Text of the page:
Sergo Ordzhonikidze, Commissar of Heavy Industry commits suicide shortly after 1937 trial Realizing their peril, Nikolai Bukharin (Lenin’s top economist, opposed end of NEP and forced industrialization) and Alexei Rykov strongly protest their innocence at Party meetings, accuse Stalin of wrongdoing Special Party Committee assigned to investigate reports that both were Rightist conspirators and knew of the Trotskyite center Bukharin and Rykov arrested “on the spot” Case of Trotskyist Anti-Soviet Military Organization (“The Generals’ Trial”) Case of Trotskyist Anti-Soviet Military Organization Eight top members of the General Staff including Marshal Mikhail Tukhachevsky (pictured) accused of conspiring with Trotsky and conducting espionage for Germany. Based strictly on confessions. Linked to Radek’s mention of Tukhachevsky at 1937 trial Each convicted of treason and executed in June 1937 Aftermath of the second trial; preparing for the next
“Case of the Anti-Soviet Bloc of Rights and Trotskyites” (also known as the “Rykov-Bukharin trial”) Judge Vasily Ulrich (bottom, reading the verdicts), prosecutor Andrei Vyshinsky (top, video link) Allegations: At the direction of Trotsky, accused helped German, Polish and Japanese intelligence commit wrecking in industry, transport, agriculture and distribution, and commit murder and terrorism, with the goals of overthrowing the government, dismembering the USSR and restoring capitalism. Twenty-one defendants. Main accused were Bukharin, Rykov, Yagoda (former secret police chief). Yagoda testified he told his Leningrad agent not to interfere with the murder of Kirov. He also testified that he recruited physicians to murder high Party officials through poisoning and incorrect treatments. Physicians Bulanov, Levin and Pletnev confirmed Yagoda’s testimony in their confessions. Principal defendants plus fifteen others were shot; three lesser accused got 25, 20 and 15 years.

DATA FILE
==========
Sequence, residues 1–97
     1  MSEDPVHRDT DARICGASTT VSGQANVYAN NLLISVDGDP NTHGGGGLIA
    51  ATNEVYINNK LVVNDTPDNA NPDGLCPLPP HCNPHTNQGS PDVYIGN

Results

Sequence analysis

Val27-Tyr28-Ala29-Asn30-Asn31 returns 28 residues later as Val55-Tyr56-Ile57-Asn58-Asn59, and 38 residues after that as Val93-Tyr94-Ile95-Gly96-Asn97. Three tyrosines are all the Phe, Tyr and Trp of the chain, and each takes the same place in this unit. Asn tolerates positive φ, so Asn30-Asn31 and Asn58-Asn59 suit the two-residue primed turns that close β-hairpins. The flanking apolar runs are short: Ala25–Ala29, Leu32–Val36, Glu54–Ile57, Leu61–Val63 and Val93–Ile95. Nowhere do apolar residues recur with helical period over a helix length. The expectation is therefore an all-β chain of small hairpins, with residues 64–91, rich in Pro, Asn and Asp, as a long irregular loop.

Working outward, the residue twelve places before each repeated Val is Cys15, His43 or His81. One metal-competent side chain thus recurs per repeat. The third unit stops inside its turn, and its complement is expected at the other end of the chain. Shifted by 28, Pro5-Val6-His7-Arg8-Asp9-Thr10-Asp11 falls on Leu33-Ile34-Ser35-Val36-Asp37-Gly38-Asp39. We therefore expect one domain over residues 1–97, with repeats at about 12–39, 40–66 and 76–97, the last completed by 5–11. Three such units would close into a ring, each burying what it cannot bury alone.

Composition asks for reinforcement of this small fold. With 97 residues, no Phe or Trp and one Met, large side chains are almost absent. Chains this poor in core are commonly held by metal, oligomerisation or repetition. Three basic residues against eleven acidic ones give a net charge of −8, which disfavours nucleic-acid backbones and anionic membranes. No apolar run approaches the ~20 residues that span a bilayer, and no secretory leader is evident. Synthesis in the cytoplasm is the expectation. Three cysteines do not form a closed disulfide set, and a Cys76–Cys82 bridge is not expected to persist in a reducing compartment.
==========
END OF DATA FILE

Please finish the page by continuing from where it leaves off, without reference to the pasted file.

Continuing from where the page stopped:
World reaction to the trials was largely positive American Ambassador Joseph Davies was at the 1937 trial and said it was just. He later financed “Mission to Moscow,” a film that glorified Stalin. N.Y. Times correspondent Walter Duranty, who won the Pulitzer and denied the Ukraine famine of , denounced the show trial defendants in his reports. He also liked Stalin. End of the Purges Propelled by the trials, spy and wrecker hysteria swept the USSR. Citizens and bureaucrats denounced each other. Secret police competed in making arrests. During authorities arrested 1,372,832 persons for counter-revolutionary crimes. A staggering 681,692 were shot. Ordinary citizens became upset; many technical experts were liquidated In 1939 Stalin ended the purges by having secret police arrested for railroading innocents A majority of the nearly two-thousand delegates to the 1934 Party Congress were arrested as counter-revolutionaries. Ninety-eight of 139 members of the 1935 Central Committee, the second-highest stratum of the Party, were shot. A legacy of falsification
Stalin died on March 5, Vyshinsky, now U.N. Ambassador, died twenty months later. Shortly after Stalin’s death the USSR’s new leader, Nikita Khrushchev, ordered the execution of Stalin’s last secret police chief, Lavrentiy Beria. In 1956 he went after the old guard. In a major address to the Party known as the “secret speech” (image and video above) he condemned Stalin’s cult of personality and the injustices: “Many thousands of honest and innocent Communists have died as a result of this monstrous falsification of such ‘cases,’ as a result of the fact that all kinds of slanderous ‘confessions’ were accepted, and as a result of the practice of forcing accusations against oneself and others.” Why did Stalin stage the show trials? Paranoid of plots by those who had disagreed Get rid of possible competitors to the Soviet throne Install a new Communist cadre loyal only to him Convince the world of the threat posed by Germany and Japan ▪ Russia still backwards, would need aid if attacked ▪ But America and England very isolationist Secret Speech section begins at 7:40